When it comes to all things shoot related, I am probably one of the luckiest chaps alive. I work as an instructor at one of the very best ranges in the UK (Orion Firearms Training) and I get to see almost every variable piece of shooting kit there is, whether firearms, binoculars, rangefinders, clothing etc etc. For those of you unfamiliar with Orion Firearms Training, our 5000 acre unique range facility is discreetly located in the wilderness of the Cambrian Mountains where you can shoot a variety of steel targets 50 metres to 3km. So you might say we have the perfect place to test the Sig Sauer Kilo 2000…
We have hundreds of steel reactive targets with measured distances. In addition to which there are various livestock in the locality, which can be used as test purposes for the aforementioned rangefinder test.
Mike Norris of Brock and Norris fame loaned me a brand new Sig Sauer Kilo 2000 rangefinder so I was eager to get the kit out and try it. Upon opening the box the usual bits of kit were present, battery, Rangefinder, lanyard, cover case and the instruction manual. All pretty standard stuff.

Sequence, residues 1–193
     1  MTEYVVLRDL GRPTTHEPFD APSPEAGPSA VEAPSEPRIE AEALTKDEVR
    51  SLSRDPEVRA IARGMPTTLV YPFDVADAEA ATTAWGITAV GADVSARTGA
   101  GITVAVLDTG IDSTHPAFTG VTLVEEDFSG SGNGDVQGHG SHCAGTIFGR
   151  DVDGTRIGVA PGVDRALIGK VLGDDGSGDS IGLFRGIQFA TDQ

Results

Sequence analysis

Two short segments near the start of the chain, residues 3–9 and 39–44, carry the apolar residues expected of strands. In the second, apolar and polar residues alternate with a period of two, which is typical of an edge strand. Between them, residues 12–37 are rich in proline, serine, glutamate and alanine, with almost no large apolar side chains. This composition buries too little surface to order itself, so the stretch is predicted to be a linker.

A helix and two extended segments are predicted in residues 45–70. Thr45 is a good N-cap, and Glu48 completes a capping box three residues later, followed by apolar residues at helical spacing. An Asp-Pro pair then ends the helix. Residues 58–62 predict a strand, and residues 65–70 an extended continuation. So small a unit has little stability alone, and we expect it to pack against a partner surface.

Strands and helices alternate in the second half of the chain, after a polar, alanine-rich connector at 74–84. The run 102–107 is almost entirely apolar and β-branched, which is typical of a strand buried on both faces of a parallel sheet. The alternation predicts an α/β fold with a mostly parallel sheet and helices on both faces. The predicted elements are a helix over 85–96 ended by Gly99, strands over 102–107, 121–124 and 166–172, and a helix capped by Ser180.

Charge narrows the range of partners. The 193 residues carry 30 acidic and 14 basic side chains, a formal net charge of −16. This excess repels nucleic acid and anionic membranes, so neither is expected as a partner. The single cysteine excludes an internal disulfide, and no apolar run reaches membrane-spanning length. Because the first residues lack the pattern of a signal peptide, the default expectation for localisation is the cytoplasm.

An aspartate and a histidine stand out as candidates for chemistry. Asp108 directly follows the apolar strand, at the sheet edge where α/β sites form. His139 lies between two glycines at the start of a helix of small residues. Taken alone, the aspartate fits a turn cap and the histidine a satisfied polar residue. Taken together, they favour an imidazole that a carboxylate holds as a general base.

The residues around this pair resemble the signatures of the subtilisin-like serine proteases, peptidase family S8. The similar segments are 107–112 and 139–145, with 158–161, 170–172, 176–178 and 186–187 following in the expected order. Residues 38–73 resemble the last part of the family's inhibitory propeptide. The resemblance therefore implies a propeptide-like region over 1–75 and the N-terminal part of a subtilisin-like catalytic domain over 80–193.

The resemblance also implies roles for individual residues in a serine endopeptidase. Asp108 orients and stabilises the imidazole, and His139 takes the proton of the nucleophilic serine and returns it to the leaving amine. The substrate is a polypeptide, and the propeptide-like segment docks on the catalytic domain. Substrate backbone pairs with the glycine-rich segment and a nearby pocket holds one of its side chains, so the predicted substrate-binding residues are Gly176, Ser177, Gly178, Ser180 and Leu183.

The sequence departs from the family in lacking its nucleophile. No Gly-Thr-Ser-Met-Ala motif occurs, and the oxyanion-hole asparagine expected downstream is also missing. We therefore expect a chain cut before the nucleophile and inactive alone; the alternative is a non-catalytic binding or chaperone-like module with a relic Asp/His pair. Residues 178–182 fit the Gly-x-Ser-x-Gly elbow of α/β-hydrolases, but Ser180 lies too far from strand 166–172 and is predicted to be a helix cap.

My initial thought was at how very sleek the rangefinder looked. It was “cool” if you would pardon the vernacular. Lightweight, and very comfortable in the hand. All round a very pleasing piece of technology on first impressions.
So what did the manufacturer boast on the box? Well I will tell you, these little rangefinders would range reflective targets up to 2 miles, trees up to 1,500 yards and a solitary deer at 1,200 yards. Other sell points of the Kilo are you can have yards or meters. You can have line of sight measurement of AMR, which stands for angle modified range, this nuance I will explain a little later. Beam divergence is a circa 1.4 mrad. Also you can set your RF for “Best” or “Last” target. Best is the recommended setting, but you have the option to set it to “last” if you are stalking in heavy foliage and wish it to ignore the near foliage.
Ok I think we all get the picture. So a quick stroll out onto the point of our 1000 yard range and a few quick initial tests. A point to note: whilst I know all the target ranges have been verified a million times before I have brought along my terrapin RF’s just to use as direct comparisons for the longer range targets, as well as wildlife targets which as yet had not been ranged.